Shizuka Kudo

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Shizuka Kudo
工藤 静香
Born (1970-04-14) 14 April 1970 (age 49)
OriginHamura, Tokyo, Japan
GenresPop
Occupation(s)singer, actress
InstrumentsVocals
Years active1986-present
LabelsPony Canyon
Associated actsOnyanko Club, SMAP, Momoko Club, Seventeen Club
Websitehttps://shizuka-kudo.net/

Shizuka Kudo (工藤 静香, Kudō Shizuka, born on April 14, 1970) is a Japanese singer, pop idol and actress born in Hamura, Tokyo, Japan. She was a member of Onyanko Club between May 1986 and September 1987 and went on to have a successful solo career with 11 number-one hits.[1]

Biography[edit]

Kudo began her singing career at the age of 14 as a member of the three-piece pop unit Seventeen Club formed by runner-ups from the 1984 Miss Seventeen Contest organized by the Japanese teen magazine Seventeen. They released two singles from CBS/Sony Records in 1985. Kudo later said she joined the group "just to have fun".[1]

Onyanko Club debuted on the first of April 1985 on Fuji TV's variety show Yūyake Nyan Nyan[2] with nine high school girls and two high school graduates, namely Sayuri Kokusho (number 8) and Satomi Fukunaga (number 11). They were selected from participants in Fuji TV's show All Night Fuji High School Girl Special (オールナイトフジ女子高生スペシャル) aired in February that year. Kudo auditioned for the group in May 1986 during her first year in high school and became a member with number 38 assigned.[citation needed]

The group gave a new approach to the idol formula with 52 official members and three associate members, with several sub-groups, such as Ushiroyubi Sasaregumi, Nyangilas and Ushirogami Hikaretai.[2] Kudo was selected as one of the three members of Ushirogami Hikaretai along with Akiko Ikuina (number 40) and Makiko Saito (number 42). The group's first single "Toki no Kawa wo Koete" debuted at number one on the Oricon's Japanese single chart (the national single chart) in May 1987. They subsequently released four more singles and two studio albums from July 1987 to April 1988 with a live album released as their final material in July 1988 (Hora ne, Haru ga Kita - First Concert).[citation needed] Also, Kudo was featured as one of the four main vocals for Onyanko Club's eighth single "Katatsumuri Samba" released on May 21, 1987. It debuted at number one on the Japanese single chart.

Kudo has said of her time in Onyanko Club that "it was a great experience, with good, bad and really dirty things", and that she tried not to draw too much attention to herself over senior Onyanko Club members who were more popular than her at that time.[1]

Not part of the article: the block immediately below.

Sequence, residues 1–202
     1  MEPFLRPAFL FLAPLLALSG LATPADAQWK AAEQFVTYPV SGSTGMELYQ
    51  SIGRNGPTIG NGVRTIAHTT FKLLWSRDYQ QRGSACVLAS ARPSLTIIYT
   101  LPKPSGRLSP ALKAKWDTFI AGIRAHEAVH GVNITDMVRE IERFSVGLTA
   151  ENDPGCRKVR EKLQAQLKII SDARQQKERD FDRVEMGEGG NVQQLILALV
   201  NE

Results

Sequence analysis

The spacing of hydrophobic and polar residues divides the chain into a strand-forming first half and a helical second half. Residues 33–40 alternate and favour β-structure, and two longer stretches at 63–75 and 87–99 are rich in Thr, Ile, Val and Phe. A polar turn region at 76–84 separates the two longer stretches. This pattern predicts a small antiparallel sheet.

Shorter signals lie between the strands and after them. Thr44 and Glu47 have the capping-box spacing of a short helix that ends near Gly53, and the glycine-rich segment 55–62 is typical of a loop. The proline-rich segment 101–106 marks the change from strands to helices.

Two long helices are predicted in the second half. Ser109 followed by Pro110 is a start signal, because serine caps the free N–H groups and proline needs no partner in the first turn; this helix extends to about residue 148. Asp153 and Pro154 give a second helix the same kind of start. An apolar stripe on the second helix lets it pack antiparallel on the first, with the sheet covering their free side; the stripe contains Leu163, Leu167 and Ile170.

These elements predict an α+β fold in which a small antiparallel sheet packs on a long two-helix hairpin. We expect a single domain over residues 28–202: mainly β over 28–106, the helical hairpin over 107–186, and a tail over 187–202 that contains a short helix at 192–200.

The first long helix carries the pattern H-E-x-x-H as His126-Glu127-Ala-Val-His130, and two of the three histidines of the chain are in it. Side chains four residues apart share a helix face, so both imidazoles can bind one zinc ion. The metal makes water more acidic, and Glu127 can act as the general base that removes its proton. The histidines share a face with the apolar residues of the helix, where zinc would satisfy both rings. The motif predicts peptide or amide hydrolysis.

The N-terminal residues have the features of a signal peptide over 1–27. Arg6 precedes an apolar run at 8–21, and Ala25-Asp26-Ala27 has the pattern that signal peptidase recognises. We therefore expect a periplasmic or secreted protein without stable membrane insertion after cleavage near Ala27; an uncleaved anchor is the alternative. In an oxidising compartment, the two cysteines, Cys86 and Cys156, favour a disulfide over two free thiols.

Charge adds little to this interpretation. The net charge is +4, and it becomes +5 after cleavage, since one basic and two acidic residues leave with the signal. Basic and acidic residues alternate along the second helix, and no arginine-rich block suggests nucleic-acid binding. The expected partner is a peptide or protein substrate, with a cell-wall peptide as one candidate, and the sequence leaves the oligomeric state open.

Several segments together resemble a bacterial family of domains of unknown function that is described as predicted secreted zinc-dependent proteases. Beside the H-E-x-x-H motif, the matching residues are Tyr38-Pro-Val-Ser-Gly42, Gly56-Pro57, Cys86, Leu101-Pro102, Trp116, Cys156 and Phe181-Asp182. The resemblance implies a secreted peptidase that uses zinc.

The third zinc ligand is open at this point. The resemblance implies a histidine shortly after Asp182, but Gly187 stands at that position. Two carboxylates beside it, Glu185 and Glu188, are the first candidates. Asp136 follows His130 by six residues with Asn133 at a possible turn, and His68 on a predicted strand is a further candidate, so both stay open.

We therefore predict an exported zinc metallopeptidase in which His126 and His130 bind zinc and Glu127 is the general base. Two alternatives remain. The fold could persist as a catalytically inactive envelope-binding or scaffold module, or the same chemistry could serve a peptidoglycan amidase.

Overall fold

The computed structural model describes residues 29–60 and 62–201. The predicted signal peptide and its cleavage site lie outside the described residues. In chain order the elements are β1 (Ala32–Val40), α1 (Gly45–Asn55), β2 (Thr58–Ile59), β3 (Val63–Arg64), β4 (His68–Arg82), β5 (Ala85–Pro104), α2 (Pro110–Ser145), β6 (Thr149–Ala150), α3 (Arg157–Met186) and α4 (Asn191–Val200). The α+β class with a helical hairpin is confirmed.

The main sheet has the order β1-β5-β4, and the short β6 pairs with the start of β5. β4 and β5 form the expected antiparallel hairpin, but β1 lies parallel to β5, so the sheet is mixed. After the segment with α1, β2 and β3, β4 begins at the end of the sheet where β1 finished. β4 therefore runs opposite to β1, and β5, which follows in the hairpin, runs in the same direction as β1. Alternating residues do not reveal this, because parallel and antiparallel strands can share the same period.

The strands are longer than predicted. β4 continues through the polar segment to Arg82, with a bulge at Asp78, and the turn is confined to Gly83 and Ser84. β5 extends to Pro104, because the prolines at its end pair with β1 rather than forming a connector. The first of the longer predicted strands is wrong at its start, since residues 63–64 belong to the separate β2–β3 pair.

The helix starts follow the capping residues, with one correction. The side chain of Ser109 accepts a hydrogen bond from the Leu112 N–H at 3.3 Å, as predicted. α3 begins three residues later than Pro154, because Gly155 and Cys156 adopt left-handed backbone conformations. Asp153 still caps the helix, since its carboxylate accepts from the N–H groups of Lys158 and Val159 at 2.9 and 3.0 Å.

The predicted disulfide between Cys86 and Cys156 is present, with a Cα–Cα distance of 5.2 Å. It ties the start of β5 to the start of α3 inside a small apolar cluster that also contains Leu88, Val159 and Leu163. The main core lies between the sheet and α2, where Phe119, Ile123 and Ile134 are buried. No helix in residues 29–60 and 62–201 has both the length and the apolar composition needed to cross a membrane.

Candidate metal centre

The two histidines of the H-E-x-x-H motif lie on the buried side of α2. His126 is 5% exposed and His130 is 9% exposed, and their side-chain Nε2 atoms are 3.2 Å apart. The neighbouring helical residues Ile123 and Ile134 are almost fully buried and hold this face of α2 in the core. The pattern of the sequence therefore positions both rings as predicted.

Less than three weeks before Onyanko Club disbanded on September 20, 1987 with their two-day final concerts, Kudo launched her solo career with her first single "Kindan no Telepathy" released from Pony Canyon on August 31. It debuted at number one on the Japanese single chart and also became a favorite throughout Asia during the early 1990s. She enjoyed a run of eight consecutive number-one singles in Japan between 1988 and 1990, eleven in total, and four number-one albums between 1988 and 1991.[1]

She continued to release new music every year until 2000 with sporadic releases since then. Her most recent release came in 2008 when she teamed up with Miyuki Nakajima, co-composer of five of Kudo's late-1980s hits, for a double A-side, "Night Wing"/"Yuki Gasa". Kudo said of their long-term working relationship that "We are not that close. We have a nice distance. Sometimes when I hear her music, it scares me but I especially like her passionate lyrics."[1]

Kudo also appears on television in jidaigeki roles and also creates her own jewelry sold in Japan.[citation needed]

Trivia[edit]

Kudo married Takuya Kimura of popular boy-band SMAP in 2000. They have two children named Kokomi and Mitsuki.

Discography[edit]

References[edit]

  1. ^ a b c d e Robert Michael Poole (7 November 2008). "Shizuka Kudo -The storied J-pop superstar reflects on life at the top". Metropolis (free magazine). Retrieved 4 May 2011.
  2. ^ a b "Onyanko Club". Encyclopedia Idollica. Archived from the original on 21 September 2008. Retrieved 25 September 2008.

Sources[edit]